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THE unbridled flow of foreign money into India’s property market has run into a wall. The government has made it virtually impossible for builders to sidestep overseas borrowing norms to bring in foreign debt masquerading as equity.

The finance ministry has said that all foreign funds raised by Indian companies through the issue of ‘partially convertible’, ‘non-convertible’ and ‘optionally convertible’ preference shares will be treated as debt and will be subject to guidelines applicable for external commercial borrowings (ECBs).

Significantly, the ministry has also said `convertible preference’ shares will be considered as share capital and should be taken to calculate foreign equity. This will prevent companies, especially in sectors like telecom and insurance, from bypassing the sectoral caps on foreign equity. Convertible preference shares offer the benefit of being converted into ordinary shares on terms and conditions fixed at the time of the issue of such shares.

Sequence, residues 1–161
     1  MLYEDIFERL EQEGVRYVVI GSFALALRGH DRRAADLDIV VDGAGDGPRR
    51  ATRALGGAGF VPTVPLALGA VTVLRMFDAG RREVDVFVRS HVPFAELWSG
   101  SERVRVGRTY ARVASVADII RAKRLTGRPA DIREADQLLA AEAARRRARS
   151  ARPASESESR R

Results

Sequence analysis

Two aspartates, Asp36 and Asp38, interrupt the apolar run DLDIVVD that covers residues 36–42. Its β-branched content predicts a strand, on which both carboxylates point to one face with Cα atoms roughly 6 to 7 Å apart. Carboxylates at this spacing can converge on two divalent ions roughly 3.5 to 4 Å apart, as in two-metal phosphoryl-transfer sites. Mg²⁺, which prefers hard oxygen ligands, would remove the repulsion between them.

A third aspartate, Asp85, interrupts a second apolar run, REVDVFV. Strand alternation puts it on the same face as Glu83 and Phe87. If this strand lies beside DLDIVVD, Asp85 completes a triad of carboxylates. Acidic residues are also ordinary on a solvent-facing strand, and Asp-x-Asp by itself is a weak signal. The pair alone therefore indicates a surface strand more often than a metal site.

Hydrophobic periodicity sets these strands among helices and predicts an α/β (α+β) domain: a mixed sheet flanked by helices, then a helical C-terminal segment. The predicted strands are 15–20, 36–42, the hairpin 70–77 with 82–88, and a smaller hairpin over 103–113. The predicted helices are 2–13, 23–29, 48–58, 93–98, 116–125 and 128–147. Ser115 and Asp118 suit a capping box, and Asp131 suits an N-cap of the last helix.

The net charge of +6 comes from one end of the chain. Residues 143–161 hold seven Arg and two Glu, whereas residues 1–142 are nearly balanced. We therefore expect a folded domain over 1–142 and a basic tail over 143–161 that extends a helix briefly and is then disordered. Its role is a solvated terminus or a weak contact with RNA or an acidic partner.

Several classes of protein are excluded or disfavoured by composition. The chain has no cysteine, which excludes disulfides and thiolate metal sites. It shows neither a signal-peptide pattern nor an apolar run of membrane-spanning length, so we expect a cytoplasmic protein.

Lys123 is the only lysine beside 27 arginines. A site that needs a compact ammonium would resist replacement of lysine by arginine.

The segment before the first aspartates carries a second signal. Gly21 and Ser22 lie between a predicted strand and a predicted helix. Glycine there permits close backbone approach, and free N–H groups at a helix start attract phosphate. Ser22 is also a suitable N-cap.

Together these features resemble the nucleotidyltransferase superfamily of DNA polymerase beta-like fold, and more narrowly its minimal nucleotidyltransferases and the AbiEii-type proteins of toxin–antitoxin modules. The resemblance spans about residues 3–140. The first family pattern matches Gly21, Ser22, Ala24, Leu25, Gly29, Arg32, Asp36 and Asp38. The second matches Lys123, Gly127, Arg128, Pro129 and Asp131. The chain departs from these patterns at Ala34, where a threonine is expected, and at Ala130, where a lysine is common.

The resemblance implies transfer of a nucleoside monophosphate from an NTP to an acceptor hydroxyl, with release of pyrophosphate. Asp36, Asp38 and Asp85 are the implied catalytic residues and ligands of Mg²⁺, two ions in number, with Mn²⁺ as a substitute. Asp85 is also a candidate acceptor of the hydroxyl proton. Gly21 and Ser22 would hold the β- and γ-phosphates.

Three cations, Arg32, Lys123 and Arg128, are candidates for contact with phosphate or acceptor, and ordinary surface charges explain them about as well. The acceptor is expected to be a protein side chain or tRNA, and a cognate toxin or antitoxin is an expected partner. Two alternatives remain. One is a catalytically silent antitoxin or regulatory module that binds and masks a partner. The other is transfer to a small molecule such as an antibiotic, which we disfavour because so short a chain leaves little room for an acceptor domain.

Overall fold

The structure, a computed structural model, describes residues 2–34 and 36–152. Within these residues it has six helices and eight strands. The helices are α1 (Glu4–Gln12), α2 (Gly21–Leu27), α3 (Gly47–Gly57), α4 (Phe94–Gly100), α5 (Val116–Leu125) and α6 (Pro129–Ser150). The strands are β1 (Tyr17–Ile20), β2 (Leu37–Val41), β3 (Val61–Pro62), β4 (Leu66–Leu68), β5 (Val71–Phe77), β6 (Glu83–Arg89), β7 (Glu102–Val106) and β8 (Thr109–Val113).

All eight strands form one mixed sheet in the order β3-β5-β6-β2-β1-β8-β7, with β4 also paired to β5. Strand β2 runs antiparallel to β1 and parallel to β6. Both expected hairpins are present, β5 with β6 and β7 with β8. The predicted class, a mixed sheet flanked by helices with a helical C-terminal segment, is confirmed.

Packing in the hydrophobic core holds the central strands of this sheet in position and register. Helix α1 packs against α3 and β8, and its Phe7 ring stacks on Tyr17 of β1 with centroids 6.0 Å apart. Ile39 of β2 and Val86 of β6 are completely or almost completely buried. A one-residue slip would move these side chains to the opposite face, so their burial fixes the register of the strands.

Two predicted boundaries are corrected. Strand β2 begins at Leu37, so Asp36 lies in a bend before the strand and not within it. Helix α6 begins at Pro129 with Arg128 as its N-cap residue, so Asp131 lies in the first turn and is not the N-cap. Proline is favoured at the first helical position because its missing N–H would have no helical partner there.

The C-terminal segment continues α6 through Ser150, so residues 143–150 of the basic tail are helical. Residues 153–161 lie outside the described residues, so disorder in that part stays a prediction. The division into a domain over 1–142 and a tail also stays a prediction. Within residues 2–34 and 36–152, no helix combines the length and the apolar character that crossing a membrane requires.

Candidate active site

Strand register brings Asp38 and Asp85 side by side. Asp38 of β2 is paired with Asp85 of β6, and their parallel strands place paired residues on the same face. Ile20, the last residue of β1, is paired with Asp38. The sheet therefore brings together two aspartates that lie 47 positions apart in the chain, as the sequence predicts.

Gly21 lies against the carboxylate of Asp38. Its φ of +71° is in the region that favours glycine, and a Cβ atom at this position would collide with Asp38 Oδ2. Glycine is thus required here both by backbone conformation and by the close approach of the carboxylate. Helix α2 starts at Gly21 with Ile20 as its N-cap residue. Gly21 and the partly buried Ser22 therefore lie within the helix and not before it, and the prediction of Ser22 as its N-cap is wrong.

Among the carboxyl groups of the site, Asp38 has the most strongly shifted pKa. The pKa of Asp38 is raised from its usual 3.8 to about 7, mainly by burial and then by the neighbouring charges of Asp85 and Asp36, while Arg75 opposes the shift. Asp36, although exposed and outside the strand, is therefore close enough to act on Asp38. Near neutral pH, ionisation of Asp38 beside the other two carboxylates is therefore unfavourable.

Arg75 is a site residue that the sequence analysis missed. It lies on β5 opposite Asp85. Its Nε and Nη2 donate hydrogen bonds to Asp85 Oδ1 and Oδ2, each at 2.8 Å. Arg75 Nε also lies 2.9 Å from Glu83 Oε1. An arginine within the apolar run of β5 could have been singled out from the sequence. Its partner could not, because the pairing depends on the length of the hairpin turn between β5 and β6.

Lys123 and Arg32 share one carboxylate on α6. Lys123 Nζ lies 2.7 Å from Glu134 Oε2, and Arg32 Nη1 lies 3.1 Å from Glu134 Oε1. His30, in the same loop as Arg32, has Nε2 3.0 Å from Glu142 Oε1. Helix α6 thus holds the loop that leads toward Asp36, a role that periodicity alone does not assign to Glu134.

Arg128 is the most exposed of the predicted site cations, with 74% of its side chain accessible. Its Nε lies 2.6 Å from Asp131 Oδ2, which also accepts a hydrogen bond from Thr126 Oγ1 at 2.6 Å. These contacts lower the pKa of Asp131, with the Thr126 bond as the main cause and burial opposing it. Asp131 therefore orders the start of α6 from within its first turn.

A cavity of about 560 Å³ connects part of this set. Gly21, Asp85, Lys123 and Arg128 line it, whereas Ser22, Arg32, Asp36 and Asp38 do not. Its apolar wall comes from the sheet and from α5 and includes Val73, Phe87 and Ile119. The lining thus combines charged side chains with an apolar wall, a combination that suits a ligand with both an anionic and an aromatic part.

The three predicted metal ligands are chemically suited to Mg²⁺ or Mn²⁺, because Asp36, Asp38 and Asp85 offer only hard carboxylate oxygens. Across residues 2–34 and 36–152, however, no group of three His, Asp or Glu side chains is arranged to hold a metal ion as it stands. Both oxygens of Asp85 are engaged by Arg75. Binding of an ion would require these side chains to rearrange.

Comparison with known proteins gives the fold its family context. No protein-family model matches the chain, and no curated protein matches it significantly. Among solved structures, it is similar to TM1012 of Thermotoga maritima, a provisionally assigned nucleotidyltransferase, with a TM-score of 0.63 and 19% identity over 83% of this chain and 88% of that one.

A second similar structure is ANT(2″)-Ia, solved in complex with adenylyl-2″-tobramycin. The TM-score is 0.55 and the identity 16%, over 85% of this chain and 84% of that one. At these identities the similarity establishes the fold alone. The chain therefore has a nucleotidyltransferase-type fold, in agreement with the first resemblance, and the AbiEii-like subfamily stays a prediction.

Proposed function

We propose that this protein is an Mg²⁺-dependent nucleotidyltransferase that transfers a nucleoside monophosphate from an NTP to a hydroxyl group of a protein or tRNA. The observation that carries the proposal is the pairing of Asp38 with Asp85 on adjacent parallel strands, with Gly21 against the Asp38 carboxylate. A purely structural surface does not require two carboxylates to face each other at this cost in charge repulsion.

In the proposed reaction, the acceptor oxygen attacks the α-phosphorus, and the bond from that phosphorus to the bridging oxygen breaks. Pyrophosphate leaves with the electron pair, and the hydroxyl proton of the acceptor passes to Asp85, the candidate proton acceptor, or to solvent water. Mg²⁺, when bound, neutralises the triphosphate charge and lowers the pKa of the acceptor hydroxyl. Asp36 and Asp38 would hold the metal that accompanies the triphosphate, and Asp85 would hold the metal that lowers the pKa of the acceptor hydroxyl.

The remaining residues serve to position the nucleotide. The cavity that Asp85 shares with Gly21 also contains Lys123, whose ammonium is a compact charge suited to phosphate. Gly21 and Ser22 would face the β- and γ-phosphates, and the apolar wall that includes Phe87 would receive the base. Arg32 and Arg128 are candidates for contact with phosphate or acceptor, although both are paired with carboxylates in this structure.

However, the real impact of the finmin release will be felt by the real estate sector. While the communiqué makes no mention of real estate companies, it’s quite evident that the directive is aimed at tempering fund flow into real estate, with property prices going through the roof. In the past two years, several real estate companies have issued instruments like optionally and partially convertible preference shares to foreign banks and international funds. FDI in real estate jumped 400% to $700 million in 2006. Since such inflow was treated as equity’, money flowed in under the FDI automatic route. This will stop now. From now on, such funds will be treated as ECBs. This will make it difficult for developers to access these funds since ECBs are allowed only in large real estate projects and the conditions are far more stringent than FDI. Besides, it will cap the interest rate that builders can offer to foreign financiers. ECBs can have a maximum interest of 200 basis points above the benchmark Libor for two-year projects and 350 basis points above Libor for five-year projects.

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